Mike Miller: "You are always thinking about the trade deadline"
You have been the subject of trade speculation. How difficult has all that been to deal with?
Mike Miller: It's tough to block it out, but my job right now and my loyalties are to the Memphis Grizzlies. I'm trying to win games for these guys. The easiest way to put it is, if I play six more games for these guys I'll try to win six more games. If I play 500 more games, I will try to win all 500 of those games. I will go out and try to win every game. Everything happens for a reason. When the 21st comes and whether I'm here or somewhere else, I will try to bring that attitude to some other team or if I'm playing here.
Are you on pins and needles waiting for the February 21 trade deadline?
MM: You are always thinking about it, be we understand that it is part of the profession. I've been traded before and know what it is like. It's not the easiest transition, with your family, but at the same time it's your profession. It's hard to complain with what we do for a living.
What were your thoughts on Memphis dealing Pau Gasol?
MM: It's tough anytime you take 20 and 10 away from your lineup. It's going to be a big transition. We understood that when we made the trade that it wasn't going to be easy. We're still playing hard every night, which is a good sign and trying to win every game. That is all you can ask us to do now.
You played on three consecutive playoff teams in Memphis to going 22-60 last season and winning just 14 of your first 52 this year. How difficult has it been going from a playoff team to a rebuilding squad?
MM: It's very difficult anytime you taste a little bit of success and are part of the playoffs and understand how much fun it is to be a part of a playoff team. It's tough but at the same time when you signed up for this nobody said it was going to be easy. You hope you can grow from these parts as much as you grow from winning parts. We have a young team this year and hopefully we will learn a lot.
MM: We have very talented players. We are young and talented. As long as we grow and continue to work as hard as we are, we have a chance to be special and that is the hopeful part of the future.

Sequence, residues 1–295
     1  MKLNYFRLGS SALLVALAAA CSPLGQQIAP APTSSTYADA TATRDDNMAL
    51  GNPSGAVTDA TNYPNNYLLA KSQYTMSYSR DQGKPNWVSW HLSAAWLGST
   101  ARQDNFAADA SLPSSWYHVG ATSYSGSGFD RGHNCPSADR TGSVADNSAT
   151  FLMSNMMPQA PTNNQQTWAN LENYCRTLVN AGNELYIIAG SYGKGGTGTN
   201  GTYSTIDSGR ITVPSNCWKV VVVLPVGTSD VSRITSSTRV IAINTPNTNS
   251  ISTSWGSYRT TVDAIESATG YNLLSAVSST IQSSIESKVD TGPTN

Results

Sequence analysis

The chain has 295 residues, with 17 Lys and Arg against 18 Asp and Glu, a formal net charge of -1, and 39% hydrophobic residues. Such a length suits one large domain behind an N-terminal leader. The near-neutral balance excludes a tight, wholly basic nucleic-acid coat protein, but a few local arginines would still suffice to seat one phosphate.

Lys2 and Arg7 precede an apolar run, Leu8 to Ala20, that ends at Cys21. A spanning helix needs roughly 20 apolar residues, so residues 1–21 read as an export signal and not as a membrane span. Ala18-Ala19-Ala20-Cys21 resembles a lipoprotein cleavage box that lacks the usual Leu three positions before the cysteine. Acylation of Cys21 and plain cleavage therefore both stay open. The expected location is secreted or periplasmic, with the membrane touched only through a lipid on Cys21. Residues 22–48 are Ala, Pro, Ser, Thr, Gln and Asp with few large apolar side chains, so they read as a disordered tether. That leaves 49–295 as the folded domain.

You turn 28 next week, which is far from ancient, but is considered old on this young team. You are sort of looked on as one of the old men of the team. As an eight-year veteran, how have you handled being an elder statesman of the team?
MM: It's been difficult. I have had to go through a veteran leadership role before becoming a real veteran. Which is difficult, but at the same time it may be good for me. There are times you learn through winning and through losing. I'm trying to learn both ways.
You only played two years of college basketball at the University of Florida and then went to the NBA. How difficult was it coming into the league as such a young player?
MM: The transition period is tough. Any time you come in a situation where you are playing against grown men, it's a big challenge. Plus in the NBA, you have a lot of time on your hands and you have to use it wisely and continue to work on your game.
This summer you played on the U.S. Sr. National Team that went unbeaten. Could you talk about what the experience was like?
MM: It was a great experience. It gave me a chance to not only to play with them but practice every day with them. It was an opportunity to go against the best players in the world every day in practice and play with them and see how they prepare for games. It was great.
The competition to make the U.S. Olympic team this summer will be fierce. What are your thoughts about being able to participate in the Olympics?
MM: It would be a great opportunity and fun to be part of. At the same time you understand there are a lot of guys who are out there and want to be a part of it. I hope I get a chance and if not I hope they win the gold and bring it back home.
After playing for the U.S. team last summer, you didn't have much of a break before the Grizzlies training camp started. How did you fare playing so much basketball?
MM: I was a little fatigued but it was well worth it. I had an opportunity to play against the best and we did our jo this summer. Hopefully I will get the chance.
You came into the NBA with the reputation primarily as a jump shooter, but now you are more versatile. Could you talk about what you have done to expand your game?
MM: I think every summer I try to bring something new and work on things. I still rely a lot on my jump shot and now when others sit on it I have a chance to do other things and help make the players around me better.
Marc Narducci covers the NBA for the Philadelphia Inquirer and is a regular contributor to HoopsHype.com
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